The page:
Hearing Loss

Hearing difficulties are a common problem that affects both the young and old. Infants and young children often don’t realize they are having a problem and it falls to the parents and other caregivers to raise suspicion. Adults may notice a sudden change, which can constitute a medical emergency, or a more gradual change over many months or years.

Sometimes the problem is simple such as ear wax or middle ear fluid from a head cold. At other times, there is damage to the inner ear. This can result from noise exposure, recurrent infections, certain medical conditions or hereditary factors, just to name a few.

Although an evaluation may start with a screening test at work or in the primary care doctor’s office, a visit to an ear, nose and throat specialist is where the most comprehensive testing can occur. After examination, a complete audiologic evaluation is performed. This will determine the nature of the hearing loss and guide further testing or treatment. In my practice, these tests are performed by highly trained audiologists with master’s degrees. Older children and adults are evaluated in a hearing booth where they are asked to respond to sounds and words the audiologist introduces. We test infants and young children with both involuntary measurements (otoacoustic emissions) and play testing.

Treatment may be as simple as improved techniques for listening, corrective surgery, or the use of hearing aids. Once the exact cause of the loss is determined, I can guide the patient. Although I do not dispense hearing aids, I can make a referral to highly skilled audiologists with state-of-the-art products.


Tinnitis is what patients often described as ringing, hissing, or a buzz in their ears. It may come on rapidly over days or weeks. The most common cause of tinnitus is hearing loss although this may not be appreciated by the patient. The reason is that the hearing loss often occurs at the high frequency range which is not used for hearing in everyday situations. Therefore, patients are unaware of the loss. Occasionally if the hearing loss is reversible, such as wax impaction or middle ear fluid, the tinnitus can be cured. It is not known exactly why people have tinnitus. A leading theory is that damaged hair cells in the inner ear are “leaking” input to the brain which interprets these distorted signals as the ringing. It is important to have an exam and audiologic testing to determine the cause of the tinnitus. Additional testing or imaging studies with MRI may be necessary to rule out any lesion or pressure on the acoustic nerve.

Unfortunately, for many people, there is no specific treatment for tinnitus beyond masking strategies to help cover up the annoying sound in the head. There are many products now sold on the Internet and in drugstores that make claims for treating tinnitus. These do not have any scientific validity and are typically a waste of money.


Dizziness can be a debilitating problem. The diagnosis can be complicated as there are many systems in our body that control our balance. Certainly, the inner ear helps us maintain an upright position and move without falling. Additional components to balance include eyesight, the balance parts of the brain, peripheral muscles, and joints. When there is a spinning type of dizziness, medically referred to as vertigo, an inner ear (vestibular) problem is suspected. As with other types of illnesses, the history provided by the patient is very important. The onset of symptoms, frequency of episodes, persistence of symptoms between acute episodes, as well as hearing loss, headaches, and tinnitus are all important aspects in diagnosing this problem.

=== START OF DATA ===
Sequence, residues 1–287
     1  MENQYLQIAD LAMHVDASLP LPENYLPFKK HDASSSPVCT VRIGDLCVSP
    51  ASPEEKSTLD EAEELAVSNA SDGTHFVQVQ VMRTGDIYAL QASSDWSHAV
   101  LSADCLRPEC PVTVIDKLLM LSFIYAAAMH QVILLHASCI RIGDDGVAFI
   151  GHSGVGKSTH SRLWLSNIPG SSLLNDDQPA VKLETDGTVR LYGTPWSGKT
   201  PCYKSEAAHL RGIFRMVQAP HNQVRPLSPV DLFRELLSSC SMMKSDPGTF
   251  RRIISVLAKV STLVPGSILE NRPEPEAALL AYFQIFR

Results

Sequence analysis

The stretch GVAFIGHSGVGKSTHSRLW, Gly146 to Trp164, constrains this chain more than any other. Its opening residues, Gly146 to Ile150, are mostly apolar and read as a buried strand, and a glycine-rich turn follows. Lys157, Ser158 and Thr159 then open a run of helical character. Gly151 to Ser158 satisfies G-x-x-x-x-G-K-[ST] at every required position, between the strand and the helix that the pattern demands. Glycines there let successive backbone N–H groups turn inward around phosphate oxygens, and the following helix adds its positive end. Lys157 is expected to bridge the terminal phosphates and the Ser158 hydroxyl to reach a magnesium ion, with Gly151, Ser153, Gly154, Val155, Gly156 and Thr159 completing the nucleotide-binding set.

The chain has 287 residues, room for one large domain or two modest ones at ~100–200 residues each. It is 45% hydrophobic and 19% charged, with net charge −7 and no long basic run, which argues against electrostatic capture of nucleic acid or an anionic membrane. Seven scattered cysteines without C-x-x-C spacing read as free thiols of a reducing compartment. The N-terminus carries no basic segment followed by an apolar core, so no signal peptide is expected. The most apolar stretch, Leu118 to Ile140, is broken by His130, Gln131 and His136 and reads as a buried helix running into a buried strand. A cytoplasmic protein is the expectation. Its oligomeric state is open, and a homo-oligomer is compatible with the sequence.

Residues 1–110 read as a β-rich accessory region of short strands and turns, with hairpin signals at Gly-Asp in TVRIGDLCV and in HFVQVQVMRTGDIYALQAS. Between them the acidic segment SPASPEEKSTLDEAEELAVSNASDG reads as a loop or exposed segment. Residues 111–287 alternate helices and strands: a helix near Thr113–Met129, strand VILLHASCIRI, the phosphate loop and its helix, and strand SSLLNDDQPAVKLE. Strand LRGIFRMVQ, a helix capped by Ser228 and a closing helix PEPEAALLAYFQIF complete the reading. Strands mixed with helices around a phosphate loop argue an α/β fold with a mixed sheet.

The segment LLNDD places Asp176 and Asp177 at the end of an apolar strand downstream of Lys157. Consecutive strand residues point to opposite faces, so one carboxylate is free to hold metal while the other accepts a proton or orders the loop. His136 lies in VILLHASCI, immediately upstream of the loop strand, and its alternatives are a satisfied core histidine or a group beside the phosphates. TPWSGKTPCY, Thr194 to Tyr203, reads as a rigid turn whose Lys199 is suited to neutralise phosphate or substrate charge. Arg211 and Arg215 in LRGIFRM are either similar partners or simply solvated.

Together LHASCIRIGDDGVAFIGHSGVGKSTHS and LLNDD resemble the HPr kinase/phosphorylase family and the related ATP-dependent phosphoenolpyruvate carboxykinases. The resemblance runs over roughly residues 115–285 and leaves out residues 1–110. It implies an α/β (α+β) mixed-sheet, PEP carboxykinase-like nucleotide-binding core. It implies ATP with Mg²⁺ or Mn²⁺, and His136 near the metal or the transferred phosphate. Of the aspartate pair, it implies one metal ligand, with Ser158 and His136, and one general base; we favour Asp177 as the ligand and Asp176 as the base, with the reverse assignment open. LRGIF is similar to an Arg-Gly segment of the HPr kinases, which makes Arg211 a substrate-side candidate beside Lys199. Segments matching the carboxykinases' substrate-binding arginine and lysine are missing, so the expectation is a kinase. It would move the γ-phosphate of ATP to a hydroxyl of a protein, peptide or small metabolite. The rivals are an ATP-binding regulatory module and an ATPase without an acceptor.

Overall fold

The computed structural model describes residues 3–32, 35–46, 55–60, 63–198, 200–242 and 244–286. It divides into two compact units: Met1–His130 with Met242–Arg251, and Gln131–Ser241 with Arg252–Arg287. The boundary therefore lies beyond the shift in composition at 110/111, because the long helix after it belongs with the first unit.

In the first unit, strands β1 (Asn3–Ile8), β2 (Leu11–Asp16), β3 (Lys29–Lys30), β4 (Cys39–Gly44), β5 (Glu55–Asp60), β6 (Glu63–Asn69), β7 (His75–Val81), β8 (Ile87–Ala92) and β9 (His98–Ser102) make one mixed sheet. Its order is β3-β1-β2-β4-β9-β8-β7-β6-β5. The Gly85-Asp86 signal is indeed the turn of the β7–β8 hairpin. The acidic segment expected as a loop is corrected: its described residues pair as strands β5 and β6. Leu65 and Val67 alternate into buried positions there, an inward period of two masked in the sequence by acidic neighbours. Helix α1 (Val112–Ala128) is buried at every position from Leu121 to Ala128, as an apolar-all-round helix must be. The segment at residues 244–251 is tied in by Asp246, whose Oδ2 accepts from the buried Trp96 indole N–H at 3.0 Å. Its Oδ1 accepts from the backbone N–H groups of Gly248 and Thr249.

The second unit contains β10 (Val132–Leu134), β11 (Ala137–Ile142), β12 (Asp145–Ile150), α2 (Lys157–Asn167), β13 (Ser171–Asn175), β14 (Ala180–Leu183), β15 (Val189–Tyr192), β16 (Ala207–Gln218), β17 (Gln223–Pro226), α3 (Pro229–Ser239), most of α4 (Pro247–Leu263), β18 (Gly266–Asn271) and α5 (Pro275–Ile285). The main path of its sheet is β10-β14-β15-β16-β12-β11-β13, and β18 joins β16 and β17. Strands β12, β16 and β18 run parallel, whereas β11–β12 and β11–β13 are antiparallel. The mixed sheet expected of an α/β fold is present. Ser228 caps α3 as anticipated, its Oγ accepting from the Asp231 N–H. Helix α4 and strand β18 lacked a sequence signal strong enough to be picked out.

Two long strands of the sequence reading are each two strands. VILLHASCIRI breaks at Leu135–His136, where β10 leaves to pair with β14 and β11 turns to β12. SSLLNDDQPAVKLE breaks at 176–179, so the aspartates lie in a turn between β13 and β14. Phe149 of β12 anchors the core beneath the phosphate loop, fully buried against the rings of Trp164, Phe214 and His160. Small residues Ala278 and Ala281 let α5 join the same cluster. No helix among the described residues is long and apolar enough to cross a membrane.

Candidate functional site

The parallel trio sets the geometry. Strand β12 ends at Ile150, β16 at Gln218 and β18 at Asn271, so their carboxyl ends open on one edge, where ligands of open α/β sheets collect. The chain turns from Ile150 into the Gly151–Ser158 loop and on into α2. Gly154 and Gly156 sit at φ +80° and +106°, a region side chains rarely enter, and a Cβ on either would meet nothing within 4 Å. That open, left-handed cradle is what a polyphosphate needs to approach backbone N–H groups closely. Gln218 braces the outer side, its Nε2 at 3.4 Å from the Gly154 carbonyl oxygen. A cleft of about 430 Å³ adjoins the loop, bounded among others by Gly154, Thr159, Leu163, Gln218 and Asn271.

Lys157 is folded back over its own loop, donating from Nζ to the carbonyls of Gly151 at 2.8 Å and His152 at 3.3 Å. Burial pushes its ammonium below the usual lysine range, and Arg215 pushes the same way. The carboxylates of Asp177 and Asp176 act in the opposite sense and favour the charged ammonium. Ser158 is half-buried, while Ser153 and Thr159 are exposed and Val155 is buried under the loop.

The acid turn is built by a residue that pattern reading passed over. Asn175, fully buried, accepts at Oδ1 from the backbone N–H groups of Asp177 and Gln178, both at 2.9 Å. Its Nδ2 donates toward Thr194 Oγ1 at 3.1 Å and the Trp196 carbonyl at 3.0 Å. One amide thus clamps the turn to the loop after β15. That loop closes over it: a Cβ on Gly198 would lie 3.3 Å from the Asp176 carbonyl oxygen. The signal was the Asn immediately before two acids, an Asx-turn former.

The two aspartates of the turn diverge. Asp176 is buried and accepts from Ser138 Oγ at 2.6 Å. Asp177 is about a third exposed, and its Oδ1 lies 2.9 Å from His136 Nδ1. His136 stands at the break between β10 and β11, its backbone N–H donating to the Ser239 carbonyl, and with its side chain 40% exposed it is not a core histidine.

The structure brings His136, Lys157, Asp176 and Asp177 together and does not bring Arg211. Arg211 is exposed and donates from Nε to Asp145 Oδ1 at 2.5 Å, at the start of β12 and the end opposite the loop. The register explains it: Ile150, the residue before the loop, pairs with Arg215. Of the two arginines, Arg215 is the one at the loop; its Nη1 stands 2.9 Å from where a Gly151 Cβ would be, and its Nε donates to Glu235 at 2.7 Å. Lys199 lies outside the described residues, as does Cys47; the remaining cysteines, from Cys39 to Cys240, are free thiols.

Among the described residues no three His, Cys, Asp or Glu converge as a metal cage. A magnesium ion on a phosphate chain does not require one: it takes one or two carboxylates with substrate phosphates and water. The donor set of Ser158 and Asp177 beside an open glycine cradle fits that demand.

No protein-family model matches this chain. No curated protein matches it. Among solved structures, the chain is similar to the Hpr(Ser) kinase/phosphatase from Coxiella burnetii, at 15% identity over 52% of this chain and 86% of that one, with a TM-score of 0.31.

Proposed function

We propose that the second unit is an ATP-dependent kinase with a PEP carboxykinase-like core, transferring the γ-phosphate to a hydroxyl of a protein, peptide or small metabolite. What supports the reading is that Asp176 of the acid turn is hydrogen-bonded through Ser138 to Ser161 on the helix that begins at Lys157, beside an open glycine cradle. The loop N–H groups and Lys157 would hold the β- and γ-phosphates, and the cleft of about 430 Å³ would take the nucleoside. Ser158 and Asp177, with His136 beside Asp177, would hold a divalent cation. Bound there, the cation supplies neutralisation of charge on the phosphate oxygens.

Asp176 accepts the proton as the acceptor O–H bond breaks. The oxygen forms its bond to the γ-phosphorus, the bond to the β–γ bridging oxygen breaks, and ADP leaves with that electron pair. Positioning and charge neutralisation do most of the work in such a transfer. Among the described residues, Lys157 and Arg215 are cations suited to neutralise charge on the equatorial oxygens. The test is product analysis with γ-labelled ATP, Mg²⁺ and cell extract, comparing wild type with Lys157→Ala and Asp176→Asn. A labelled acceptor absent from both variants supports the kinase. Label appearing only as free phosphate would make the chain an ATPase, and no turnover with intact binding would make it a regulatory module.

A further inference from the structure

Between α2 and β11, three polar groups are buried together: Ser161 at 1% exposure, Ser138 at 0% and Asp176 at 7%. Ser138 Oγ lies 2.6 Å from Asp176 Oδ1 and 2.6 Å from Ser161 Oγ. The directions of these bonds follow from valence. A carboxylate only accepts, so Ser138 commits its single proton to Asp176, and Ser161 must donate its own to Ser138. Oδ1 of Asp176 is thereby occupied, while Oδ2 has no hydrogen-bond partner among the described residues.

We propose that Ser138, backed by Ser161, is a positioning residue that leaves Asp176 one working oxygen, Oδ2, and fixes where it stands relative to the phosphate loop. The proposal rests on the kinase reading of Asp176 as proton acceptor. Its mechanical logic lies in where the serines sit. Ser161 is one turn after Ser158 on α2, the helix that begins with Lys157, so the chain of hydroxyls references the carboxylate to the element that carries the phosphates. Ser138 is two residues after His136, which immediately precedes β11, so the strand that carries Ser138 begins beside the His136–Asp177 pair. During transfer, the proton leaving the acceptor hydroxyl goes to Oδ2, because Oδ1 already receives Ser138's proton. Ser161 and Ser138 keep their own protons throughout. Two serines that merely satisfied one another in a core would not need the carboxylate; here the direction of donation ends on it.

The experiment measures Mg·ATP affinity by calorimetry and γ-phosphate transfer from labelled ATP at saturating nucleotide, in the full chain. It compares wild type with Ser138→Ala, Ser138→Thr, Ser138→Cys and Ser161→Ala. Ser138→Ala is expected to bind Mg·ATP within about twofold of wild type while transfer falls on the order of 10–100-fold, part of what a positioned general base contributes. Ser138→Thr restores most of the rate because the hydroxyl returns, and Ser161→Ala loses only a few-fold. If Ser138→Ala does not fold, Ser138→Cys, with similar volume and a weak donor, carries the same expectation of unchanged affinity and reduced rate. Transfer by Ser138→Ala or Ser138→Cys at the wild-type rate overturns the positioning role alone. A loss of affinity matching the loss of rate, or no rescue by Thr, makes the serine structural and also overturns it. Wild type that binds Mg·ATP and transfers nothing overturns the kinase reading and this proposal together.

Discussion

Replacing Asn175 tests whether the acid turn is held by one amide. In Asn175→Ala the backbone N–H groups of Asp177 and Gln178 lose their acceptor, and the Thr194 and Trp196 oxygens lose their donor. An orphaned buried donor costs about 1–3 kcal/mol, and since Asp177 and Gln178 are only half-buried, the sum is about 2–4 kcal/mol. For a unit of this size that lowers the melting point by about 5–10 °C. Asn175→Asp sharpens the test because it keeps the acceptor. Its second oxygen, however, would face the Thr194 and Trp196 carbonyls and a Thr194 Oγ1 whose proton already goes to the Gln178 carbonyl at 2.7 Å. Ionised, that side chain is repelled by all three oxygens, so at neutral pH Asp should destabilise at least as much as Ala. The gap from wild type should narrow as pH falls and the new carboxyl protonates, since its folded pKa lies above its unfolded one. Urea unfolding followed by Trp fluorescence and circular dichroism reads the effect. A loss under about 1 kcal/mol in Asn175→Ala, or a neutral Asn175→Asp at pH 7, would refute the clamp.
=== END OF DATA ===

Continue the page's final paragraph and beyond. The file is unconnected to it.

The examination looks for clues as to the source of the imbalance. The vestibular (balance) part of the inner ear is connected to the hearing (cochlear) part of the ear. During the initial evaluation audiologic testing will be performed to look for weakness and imbalance between the two ears. Additional testing of the balance part of the inner ear (ENG/VNG) is utilized to help distinguish a brain source for the imbalance from an inner ear source. This test can help characterize the type of inner ear problem when this is the source. Common diagnoses include benign positional vertigo (which patients often call ‘crystals’), acute labyrinthitis, vestibular neuronitis, and Ménière’s disease. In select patients, imaging studies such as MRI and neurologic consultation may be indicated.

Depending on the diagnosis a variety of treatment modalities are possible. Medications to suppress dizziness symptoms or relieved excessive inner ear fluid may be prescribed. Sodium restriction can help when Ménière’s disease is diagnosed. Balance therapy can be prescribed for many vertigo problems with great success. Dr. Feld recommends Huntington Physical Therapy as a resource for vertigo and balance therapy.

The information posted on this page is provided as general, background information in the spirit of service to the reader. In no way should it be interpreted as medical advice. While the practice of Robert Feld, MD, LLC, attempts to convey accurate and current information on this site, this information may contain typographical errors, technical errors, or may at some point become out-of-date. You are advised to confirm the accuracy of any information presented on this site before relying on it in any way.

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When you make an appointment with Dr. Feld, you will see Dr. Feld, not a physician assistant or nurse practitioner.

(631) 673-6868